In a strange way, that same redefining challenge also is NBC’s biggest problem right now. Having made itself a predictable spot for sophisticated comedy and drama Thursday nights, it is charged with besting its own retiring hit series to retain the 10 percent premium it charges advertisers for reliably delivering an upscale demographic. But the viewers NBC loses on Thursday nights after this season won’t necessarily scatter just to rival broadcast networks. It takes an extraordinarily strong lure these days to keep consumers from opting for other media and interactive pastimes.
Local TV stations, undergoing their own identity crisis at the hands of aggressive cable advertising interconnects and cable system programs, need not look any further than the golden franchise they have always had and never fully exploited: their unique link to local consumers and advertisers.
What the broadcast TV networks and their stations are failing to recognize as they slay ratings dragons night by night is that their universe has been undergoing dramatic changes for a long enough time that they are beginning to impact their lifeline metrics.
For instance, this could be the year that the broadcast networks-selling flat compared with last year’s upfront 15 percent aberration and with prime-time schedules characterized by a lot of one-off hits (like “American Idol”) and too many untested new series-are confronted with pricing adjustments they can no longer avoid.
The fact is there is no bona fide advertising recovery and only a softer-than-expected scatter and spot market. There are no major events in 2005 to render much more than a projected 5 percent upfront price hike for broadcast networks and a flat to slightly declining price point for most local stations. This should have the broadcast networks more concerned than they appear to be. The artificial boost from this year’s Olympics and national elections are already yesterday’s news.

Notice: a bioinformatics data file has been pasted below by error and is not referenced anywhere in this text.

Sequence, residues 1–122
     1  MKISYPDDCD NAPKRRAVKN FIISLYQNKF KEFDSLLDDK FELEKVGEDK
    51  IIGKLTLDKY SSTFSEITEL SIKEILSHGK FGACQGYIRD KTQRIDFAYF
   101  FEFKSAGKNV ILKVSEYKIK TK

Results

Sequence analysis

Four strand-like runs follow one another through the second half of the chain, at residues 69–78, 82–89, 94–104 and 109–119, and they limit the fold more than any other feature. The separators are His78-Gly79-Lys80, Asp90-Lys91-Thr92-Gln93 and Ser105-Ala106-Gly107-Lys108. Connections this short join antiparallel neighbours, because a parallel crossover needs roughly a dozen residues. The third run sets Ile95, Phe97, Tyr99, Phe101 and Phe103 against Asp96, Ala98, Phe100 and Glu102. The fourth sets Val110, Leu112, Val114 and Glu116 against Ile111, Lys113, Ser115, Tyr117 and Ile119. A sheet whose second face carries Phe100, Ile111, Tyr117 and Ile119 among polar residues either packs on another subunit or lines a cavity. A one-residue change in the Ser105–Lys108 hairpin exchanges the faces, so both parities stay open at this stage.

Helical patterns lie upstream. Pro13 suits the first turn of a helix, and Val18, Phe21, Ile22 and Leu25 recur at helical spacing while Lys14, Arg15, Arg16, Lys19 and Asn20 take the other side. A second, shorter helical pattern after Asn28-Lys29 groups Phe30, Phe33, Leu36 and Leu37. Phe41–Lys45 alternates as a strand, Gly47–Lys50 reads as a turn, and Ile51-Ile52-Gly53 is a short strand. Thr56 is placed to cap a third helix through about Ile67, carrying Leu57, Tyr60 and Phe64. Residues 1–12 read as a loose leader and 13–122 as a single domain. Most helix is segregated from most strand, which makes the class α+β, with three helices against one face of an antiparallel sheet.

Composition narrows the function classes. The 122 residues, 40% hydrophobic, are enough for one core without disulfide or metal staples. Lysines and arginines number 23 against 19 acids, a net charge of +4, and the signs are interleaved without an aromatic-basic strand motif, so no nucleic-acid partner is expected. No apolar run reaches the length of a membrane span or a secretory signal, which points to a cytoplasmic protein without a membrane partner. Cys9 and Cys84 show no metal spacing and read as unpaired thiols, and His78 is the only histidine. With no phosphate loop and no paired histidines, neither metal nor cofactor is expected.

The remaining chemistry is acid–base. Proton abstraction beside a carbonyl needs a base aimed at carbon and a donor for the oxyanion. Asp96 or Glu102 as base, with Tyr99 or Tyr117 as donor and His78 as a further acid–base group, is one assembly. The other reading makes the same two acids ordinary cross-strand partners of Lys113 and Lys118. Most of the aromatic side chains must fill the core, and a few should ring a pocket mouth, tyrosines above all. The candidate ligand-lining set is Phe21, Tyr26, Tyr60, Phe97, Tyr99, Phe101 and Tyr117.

To be sure, the broadcast networks’ selling points and stranglehold on advertisers, viewers and program suppliers are not about to crumble into dust. They continue to be the most powerful media platform in a market of marginalized options. But their deteriorating edge is being tested on a lot of important fronts that collectively create a picture of conventional media barons under siege.
Even recent attacks on The Walt Disney Co. and its embattled Chairman Michael Eisner are part of this phenomenon. When Pixar Animation Studios chief Steve Jobs called Disney’s animated film sequels “embarrassing” and called Disney “creatively weak” and uncompromising, he was attacking more than a studio. Mr. Jobs, whose “Finding Nemo” is the new global box office winner with $850 million in gross receipts, was attacking the brain trust that was supposed to sustain and advance the fortunes of the ABC TV Network and the ABC Family cable network, both of which have generally faltered under Disney’s creative management. Disney’s television empire was supposed to support and offset its cyclical core film, theme park and merchandising businesses. After more than a decade, Disney has yet to be a real TV force.